Trading Platforms reveals that seven US or American challenger banks managed to record a combined user base growth of nearly 40% (from around 28 million users to 39 million customers between 2019 and 2020).
US-based digital bank Chime, which currently leads the challenger banks, saw its client base grow from 8 million to 10 million in only a year. Meanwhile, Acorn saw an increase from 6.2 million to 8 million customers, and neobanking platform Dave’s user base grew from around 5 million to 7 million in just the past year.
The Trading Platforms team noted that the solid growth may be due (at least partially) to the Covid-19 outbreak, adding that some traditional lenders weren’t quite prepared for the unprecedented challenges of 2020, because they’re still relying on outdated legacy tech infrastructure.
Personal finance comparison site Finder reveals that 27% of UK residents now maintain an account with an all-digital banking platform, which is up slightly from around 23% back in 2019.
Approximately 17% of UK citizens are now planning to open an account with a challenger bank in the coming years, with 11% saying they intend to do so this year (in 2021). This might mean that around 45% of UK consumers may have an account with an all-digital challenger by 2026.
The main reason given for maintaining an account is the extra convenience that all-digital banks can offer, for the third year (26%). The second-most cited reason for banking with a digital challenger was users requiring an additional account and managing a digital one appeared to be the most convenient option for 20% of consumers. Digital banks have also become popular because around 20% of customers think that it’s a lot easier to transfer funds when using these more agile platforms.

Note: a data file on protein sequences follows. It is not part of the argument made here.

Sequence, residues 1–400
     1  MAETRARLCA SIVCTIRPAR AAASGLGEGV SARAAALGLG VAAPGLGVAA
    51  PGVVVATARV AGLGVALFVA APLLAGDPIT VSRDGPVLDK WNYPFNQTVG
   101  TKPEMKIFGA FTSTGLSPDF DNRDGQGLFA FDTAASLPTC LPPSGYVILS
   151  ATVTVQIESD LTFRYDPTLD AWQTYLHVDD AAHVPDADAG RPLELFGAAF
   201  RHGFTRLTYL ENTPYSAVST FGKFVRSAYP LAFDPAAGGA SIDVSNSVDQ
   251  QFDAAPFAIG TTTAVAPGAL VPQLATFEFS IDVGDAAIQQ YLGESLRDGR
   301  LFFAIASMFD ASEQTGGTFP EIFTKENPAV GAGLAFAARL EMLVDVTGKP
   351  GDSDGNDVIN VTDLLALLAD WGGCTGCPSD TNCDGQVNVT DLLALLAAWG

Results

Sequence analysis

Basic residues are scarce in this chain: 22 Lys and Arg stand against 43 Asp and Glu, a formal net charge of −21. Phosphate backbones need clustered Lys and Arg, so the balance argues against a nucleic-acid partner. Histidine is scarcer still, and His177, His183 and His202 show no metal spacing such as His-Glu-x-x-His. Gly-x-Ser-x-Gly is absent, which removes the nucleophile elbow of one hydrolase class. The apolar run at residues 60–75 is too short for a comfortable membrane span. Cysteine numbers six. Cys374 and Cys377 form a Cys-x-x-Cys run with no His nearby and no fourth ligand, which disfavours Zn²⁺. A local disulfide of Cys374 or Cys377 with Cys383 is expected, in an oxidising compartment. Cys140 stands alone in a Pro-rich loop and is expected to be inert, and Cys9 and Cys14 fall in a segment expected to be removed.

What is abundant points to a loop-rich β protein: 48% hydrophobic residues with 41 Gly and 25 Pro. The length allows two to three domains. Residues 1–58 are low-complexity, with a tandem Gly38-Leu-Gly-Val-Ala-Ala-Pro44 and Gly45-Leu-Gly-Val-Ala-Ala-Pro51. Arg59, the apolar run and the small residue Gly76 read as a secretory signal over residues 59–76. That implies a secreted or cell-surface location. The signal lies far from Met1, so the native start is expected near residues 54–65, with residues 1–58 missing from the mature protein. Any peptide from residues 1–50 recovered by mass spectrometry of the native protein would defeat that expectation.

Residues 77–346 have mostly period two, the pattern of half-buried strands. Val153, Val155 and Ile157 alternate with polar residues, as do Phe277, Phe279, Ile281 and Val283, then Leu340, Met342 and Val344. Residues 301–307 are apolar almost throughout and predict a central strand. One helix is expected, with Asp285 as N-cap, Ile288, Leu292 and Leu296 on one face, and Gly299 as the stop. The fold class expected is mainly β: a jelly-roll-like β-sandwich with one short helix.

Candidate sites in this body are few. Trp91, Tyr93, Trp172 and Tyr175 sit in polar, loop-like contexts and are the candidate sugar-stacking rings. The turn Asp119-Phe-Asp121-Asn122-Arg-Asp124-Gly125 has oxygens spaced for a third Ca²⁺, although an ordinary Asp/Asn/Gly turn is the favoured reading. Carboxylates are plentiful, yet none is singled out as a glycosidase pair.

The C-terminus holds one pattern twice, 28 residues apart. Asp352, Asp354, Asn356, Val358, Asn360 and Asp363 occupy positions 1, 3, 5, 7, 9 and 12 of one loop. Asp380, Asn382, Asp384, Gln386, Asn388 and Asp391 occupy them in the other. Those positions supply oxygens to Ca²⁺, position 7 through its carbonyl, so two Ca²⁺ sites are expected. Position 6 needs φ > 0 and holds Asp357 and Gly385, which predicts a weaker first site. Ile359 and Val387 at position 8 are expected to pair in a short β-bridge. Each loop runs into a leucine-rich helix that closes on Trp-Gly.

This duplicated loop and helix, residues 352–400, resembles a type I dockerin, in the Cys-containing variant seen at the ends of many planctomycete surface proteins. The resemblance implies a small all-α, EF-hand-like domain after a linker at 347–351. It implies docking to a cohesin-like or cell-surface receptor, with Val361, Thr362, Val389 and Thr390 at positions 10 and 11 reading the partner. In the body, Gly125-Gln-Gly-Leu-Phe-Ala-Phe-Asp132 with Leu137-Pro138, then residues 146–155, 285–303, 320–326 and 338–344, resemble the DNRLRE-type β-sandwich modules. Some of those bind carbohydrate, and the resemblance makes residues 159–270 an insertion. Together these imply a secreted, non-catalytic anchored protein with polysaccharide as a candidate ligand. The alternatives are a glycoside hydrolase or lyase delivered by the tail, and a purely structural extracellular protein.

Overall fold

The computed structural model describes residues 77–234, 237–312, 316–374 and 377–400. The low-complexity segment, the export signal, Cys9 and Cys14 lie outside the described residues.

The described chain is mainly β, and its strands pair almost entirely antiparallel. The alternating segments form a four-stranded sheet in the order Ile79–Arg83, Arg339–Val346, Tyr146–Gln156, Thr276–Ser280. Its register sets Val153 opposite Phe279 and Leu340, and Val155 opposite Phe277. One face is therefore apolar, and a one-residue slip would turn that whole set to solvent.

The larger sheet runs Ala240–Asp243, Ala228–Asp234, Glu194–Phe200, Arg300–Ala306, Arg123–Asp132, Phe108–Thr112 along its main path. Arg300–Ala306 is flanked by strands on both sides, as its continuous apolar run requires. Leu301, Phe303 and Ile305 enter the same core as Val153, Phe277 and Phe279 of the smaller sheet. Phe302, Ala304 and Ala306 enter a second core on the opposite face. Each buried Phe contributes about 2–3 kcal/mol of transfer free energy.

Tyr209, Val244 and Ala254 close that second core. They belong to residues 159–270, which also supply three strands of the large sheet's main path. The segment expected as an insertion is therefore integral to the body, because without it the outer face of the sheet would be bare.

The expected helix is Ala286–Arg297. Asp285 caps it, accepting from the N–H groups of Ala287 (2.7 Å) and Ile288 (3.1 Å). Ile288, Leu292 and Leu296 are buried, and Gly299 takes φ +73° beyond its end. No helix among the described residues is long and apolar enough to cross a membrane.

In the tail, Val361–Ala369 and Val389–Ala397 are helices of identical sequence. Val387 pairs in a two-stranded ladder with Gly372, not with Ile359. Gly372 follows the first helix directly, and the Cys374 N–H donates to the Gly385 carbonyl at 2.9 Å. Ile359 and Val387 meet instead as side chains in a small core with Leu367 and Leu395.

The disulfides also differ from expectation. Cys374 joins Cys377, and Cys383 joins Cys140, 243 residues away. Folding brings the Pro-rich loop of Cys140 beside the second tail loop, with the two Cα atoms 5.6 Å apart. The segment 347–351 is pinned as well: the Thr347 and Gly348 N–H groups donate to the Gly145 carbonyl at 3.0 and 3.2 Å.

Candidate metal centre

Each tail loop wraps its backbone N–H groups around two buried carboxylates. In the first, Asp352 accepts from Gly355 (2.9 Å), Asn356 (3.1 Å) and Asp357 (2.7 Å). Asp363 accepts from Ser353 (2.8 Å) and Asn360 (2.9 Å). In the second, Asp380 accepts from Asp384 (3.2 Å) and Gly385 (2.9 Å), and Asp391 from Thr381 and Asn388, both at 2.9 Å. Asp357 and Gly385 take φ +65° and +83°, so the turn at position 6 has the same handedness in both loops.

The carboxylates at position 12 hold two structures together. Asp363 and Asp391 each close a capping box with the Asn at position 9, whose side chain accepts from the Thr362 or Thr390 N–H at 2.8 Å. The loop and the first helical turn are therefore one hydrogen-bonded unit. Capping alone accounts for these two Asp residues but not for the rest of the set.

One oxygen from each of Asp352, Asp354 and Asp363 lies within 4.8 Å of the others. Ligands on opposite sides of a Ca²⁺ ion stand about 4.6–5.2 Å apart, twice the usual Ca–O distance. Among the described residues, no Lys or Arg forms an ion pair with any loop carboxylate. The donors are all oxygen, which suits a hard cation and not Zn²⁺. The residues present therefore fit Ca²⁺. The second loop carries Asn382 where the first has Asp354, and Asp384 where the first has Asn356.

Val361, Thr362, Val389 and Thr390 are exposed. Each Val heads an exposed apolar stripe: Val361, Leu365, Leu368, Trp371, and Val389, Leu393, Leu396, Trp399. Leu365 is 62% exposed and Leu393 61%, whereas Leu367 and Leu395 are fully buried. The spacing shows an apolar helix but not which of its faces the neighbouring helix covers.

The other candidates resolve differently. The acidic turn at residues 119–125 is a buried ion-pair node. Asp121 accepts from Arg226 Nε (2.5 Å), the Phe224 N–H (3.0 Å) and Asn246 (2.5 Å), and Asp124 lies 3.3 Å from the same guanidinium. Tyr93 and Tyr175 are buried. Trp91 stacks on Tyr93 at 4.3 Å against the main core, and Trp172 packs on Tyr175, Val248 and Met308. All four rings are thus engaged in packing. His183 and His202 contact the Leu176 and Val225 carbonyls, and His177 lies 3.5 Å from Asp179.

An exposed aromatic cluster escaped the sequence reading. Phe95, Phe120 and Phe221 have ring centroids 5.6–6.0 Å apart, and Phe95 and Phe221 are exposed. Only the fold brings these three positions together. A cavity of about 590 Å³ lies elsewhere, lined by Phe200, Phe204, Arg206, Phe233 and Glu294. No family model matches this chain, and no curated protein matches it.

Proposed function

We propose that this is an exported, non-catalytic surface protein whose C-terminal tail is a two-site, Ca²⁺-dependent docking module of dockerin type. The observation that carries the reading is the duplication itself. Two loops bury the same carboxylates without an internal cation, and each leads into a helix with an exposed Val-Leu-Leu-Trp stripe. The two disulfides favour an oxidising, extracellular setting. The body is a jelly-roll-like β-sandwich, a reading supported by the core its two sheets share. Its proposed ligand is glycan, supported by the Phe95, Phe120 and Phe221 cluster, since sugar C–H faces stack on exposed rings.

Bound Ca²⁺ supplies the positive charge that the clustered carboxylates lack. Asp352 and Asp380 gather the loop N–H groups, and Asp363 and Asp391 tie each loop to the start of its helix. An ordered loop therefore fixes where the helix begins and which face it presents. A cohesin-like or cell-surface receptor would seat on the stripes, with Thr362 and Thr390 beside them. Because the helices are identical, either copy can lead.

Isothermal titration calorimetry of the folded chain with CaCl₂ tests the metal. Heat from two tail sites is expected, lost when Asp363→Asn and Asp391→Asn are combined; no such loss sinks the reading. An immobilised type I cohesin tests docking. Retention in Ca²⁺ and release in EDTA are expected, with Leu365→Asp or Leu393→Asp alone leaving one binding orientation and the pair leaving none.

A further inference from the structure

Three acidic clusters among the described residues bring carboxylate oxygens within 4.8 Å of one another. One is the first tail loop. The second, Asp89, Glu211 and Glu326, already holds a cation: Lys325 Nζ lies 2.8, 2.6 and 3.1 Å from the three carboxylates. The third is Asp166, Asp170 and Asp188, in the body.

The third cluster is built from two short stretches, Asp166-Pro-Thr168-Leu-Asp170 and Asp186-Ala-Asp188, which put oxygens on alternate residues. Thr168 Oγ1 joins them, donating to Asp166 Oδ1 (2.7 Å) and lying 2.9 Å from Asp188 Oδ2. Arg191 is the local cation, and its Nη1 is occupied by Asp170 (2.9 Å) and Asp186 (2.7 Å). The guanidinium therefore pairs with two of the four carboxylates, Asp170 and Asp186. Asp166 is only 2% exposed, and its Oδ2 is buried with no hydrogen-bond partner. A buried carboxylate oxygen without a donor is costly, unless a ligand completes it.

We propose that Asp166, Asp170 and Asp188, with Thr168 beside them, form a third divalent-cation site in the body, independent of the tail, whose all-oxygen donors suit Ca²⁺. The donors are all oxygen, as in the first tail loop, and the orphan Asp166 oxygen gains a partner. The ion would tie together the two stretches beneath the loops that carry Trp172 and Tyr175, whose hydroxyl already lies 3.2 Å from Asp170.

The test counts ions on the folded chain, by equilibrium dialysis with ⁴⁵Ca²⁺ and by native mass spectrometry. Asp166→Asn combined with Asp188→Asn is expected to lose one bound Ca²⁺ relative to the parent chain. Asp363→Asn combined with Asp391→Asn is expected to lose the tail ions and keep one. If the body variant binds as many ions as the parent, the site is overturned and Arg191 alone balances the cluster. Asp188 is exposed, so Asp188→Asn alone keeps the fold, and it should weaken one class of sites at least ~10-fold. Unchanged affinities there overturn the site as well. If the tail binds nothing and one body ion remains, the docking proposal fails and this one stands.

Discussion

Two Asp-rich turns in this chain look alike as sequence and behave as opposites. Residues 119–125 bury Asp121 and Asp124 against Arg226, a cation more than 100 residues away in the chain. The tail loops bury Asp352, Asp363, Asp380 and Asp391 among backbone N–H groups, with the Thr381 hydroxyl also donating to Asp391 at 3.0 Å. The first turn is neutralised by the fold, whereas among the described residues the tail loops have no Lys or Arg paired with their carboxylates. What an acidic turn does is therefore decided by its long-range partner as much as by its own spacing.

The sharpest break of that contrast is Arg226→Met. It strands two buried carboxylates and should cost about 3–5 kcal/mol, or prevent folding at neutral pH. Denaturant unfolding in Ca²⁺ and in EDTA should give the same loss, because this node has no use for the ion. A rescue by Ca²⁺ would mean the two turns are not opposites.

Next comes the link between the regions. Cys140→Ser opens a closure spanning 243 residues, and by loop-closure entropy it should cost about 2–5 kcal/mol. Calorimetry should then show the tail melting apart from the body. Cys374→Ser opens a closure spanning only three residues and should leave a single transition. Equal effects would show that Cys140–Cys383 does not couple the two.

Consumers who like carrying trendy cards are also leading to many more signups, with 1 in 10 existing, or future, clients claiming this as a reason to open and maintain an account with a digital bank.
Although the growth in the number of all-digital banking clients has been steady, the number of consumers who aren’t considering one has also increased. During 2020, around 23% of survey respondents stated that they aren’t really considering opening a digital-only bank account. Notably, this number increased to 42% in the most recent survey.
This seemingly good news for incumbents appears to be consistent with research from App Annie, which reveals that NatWest, Lloyds and HSBC have all managed to rank in the top five list for finance or Fintech app downloads in the United Kingdom during 2020, outperforming most financial technology startups.